Spontaneous ICH comprises 10% to 15% of all strokes and constitutes the most devastating stroke subtype, with 40% mortality and the majority of survivors experiencing severe disability. The devastating burden of this disease is due to the lack of effective treatments, as several large clinical trials of therapies for ICH have been conducted but have failed to improve outcomes. One of these therapies is intensive blood pressure reduction, which is thought to reduce hematoma expansion. Two large trials, ATACH-2 and INTERACT2, recently demonstrated that intensive blood pressure reduction is feasible and safe but failed to show a definitive clinical benefit. However, these trials enrolled subjects without regard to ICH location, a factor well-known to correlate with different underlying pathophysiological processes: while lobar ICH is mainly related to cerebral amyloid angiopathy, deep ICH is mainly linked to small vessel disease caused by long-standing hypertension. Motivating the current proposal is mounting evidence suggesting that the different biological pathways underlying the development of deep and lobar ICHs not only determine ICH risk, but also the volume of bleeding once the hemorrhage has taken place. This idea informs our central hypothesis that deep, hypertension-related ICH is more sensitive to acute blood pressure fluctuations. Through re-analyses of high- quality NINDS-funded data, we will test whether ICH location modifies the effect of candidate therapies on intermediate endpoints and functional outcome. We will perform a secondary analysis of the ATACH-2 trial in subjects with deep, hypertension-related ICH to identify a subgroup of patients that benefit from intensive blood pressure treatment, followed by replication of our findings in the observational, racially/ethnically diverse ERICH study to mitigate the impact of limitations inherent to secondary analyses of randomized clinical trials. We will address the following aims: (1) To determine if intensive blood pressure treatment is associated with reduced hematoma expansion and edema expansion in deep ICH, and whether this effect is modified by the specific deep location of the ICH (thalamus vs basal ganglia); and (2) To determine if intensive blood pressure treatment is associated with improved outcomes among deep ICH, and whether this effect is modified by the specific deep location of the ICH (thalamus vs basal ganglia). This proposal's feasibility rests on: (1) open access, well-phenotyped clinical trial and observational data available from the NINDS Clinical Research Archives; (2) the PIs' extensive research experience in epidemiology, neuroimaging characteristics, genetic underpinnings and determinants of outcomes in ICH; and (3) promising preliminary analyses evaluating the hypotheses being explored in this proposal. In total, this work will identify an important subgroup of patients that may benefit from intensive blood pressure treatment, and furthermore, will provide evidence for use of ICH location in design and analysis of future trials to more rapidly translate new therapies for this devastating disease.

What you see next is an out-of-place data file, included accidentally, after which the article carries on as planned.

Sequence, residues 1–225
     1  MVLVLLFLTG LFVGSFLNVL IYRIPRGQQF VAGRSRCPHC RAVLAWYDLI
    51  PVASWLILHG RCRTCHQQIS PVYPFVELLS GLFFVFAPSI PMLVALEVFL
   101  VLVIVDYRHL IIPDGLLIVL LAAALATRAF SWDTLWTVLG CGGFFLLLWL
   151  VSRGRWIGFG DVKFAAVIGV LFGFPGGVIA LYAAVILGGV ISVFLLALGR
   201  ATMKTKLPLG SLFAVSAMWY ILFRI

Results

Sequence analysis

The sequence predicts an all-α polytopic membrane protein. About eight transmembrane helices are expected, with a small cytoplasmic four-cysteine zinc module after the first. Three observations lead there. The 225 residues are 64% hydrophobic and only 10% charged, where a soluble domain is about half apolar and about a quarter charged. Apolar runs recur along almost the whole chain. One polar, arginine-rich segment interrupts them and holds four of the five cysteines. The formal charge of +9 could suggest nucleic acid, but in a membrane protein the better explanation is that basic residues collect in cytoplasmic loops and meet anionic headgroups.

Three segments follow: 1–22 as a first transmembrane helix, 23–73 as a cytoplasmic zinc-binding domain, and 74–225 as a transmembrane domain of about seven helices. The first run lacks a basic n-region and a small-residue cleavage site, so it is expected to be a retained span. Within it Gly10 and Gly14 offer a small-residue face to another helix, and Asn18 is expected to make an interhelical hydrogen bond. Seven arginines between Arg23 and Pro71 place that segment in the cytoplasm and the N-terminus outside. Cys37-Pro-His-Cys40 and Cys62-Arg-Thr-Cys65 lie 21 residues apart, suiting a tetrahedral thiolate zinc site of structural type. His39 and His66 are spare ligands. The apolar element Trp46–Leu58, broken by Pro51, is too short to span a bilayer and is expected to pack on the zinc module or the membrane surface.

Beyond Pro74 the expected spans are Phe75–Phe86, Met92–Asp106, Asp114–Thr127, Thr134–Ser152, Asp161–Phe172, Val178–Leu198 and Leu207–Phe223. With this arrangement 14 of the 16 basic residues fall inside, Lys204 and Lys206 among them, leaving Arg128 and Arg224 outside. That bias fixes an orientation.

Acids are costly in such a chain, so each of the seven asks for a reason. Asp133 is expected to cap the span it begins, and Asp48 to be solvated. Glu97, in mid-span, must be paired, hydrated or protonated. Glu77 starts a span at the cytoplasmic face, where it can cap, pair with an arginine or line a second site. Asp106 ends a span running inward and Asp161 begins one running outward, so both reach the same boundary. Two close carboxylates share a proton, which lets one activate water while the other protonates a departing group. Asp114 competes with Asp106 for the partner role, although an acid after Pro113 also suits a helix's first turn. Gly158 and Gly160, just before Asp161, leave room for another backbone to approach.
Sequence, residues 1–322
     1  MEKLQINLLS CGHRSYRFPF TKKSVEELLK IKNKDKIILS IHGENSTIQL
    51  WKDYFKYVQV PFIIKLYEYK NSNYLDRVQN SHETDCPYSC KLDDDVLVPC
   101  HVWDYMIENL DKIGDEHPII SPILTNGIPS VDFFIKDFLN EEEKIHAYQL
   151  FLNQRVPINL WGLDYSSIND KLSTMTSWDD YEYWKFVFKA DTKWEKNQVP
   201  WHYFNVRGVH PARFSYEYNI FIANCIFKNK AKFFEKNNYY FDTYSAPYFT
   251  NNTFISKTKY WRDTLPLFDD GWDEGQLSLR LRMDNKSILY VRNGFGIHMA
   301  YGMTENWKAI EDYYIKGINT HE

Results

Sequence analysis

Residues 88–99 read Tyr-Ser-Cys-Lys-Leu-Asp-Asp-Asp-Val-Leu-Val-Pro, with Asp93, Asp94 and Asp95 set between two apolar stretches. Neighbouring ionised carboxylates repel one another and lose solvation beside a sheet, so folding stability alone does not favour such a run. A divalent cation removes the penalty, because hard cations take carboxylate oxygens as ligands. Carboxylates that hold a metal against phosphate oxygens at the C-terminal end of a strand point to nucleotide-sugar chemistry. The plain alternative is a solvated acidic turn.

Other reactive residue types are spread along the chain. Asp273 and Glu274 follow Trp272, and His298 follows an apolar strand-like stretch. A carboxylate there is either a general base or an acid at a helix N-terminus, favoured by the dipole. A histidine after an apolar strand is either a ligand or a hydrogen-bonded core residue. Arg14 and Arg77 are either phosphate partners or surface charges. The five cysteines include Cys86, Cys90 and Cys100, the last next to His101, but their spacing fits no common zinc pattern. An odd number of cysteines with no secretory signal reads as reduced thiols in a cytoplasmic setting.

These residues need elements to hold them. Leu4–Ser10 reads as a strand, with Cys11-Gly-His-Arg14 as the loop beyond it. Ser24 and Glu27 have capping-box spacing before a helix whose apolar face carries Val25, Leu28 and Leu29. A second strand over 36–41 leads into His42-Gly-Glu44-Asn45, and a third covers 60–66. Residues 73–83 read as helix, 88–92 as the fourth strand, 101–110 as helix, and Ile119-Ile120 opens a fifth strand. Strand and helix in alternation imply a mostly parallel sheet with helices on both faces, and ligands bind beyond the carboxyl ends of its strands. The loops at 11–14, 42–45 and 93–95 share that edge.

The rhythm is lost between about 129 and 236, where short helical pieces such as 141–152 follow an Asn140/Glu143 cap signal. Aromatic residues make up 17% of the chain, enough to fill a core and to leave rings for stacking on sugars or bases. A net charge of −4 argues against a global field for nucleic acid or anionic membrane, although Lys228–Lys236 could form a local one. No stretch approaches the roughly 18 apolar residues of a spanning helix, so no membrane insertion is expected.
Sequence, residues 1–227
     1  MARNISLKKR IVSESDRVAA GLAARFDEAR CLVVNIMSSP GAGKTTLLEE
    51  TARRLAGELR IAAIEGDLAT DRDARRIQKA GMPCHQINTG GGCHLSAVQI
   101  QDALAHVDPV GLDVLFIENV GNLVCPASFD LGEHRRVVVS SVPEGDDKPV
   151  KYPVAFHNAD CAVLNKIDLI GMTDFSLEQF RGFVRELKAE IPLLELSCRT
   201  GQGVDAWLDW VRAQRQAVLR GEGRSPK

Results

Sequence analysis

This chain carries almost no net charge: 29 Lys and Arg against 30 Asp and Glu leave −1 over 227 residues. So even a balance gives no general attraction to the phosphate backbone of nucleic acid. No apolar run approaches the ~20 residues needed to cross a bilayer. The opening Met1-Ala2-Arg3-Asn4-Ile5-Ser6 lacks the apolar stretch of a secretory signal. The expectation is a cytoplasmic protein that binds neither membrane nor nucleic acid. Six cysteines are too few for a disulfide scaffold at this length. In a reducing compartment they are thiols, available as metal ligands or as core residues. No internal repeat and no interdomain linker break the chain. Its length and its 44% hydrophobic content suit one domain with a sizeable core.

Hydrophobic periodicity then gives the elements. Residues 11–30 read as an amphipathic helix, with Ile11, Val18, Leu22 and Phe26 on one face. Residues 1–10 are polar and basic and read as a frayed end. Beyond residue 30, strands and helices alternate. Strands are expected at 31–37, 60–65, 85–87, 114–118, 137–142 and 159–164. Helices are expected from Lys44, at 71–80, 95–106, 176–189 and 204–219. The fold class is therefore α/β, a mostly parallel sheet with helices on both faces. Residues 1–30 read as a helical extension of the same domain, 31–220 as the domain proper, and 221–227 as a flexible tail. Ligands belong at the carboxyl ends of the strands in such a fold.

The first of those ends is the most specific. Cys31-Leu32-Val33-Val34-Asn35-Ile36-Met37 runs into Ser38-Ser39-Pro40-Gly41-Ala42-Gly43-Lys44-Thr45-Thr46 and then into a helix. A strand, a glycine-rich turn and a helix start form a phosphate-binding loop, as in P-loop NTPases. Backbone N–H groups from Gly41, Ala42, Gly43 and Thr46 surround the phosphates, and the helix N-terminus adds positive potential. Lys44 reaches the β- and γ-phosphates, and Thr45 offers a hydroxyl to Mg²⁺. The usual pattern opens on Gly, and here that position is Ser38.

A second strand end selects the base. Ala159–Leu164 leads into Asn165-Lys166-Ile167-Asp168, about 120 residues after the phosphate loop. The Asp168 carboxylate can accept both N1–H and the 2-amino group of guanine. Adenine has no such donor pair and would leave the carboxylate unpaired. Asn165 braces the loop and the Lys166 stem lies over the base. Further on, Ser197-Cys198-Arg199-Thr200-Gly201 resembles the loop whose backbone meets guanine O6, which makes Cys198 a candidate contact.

Public Health Relevance

Intracerebral hemorrhage (ICH), bleeding into the brain from a ruptured blood vessel, is the deadliest type of stroke and has no effective treatments. We will investigate whether the location of the bleed in the brain modifies the effect of new treatments for ICH. Specifically, we will determine whether blood pressure treatment can reduce the amount of bleeding and swelling in the brain and improve outcomes due to ICH in deep locations.

National Institute of Health (NIH)
National Institute of Neurological Disorders and Stroke (NINDS)
Small Research Grants (R03)
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Acute Neural Injury and Epilepsy Study Section (ANIE)
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Moy, Claudia S
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Yale University
Schools of Medicine
New Haven
United States
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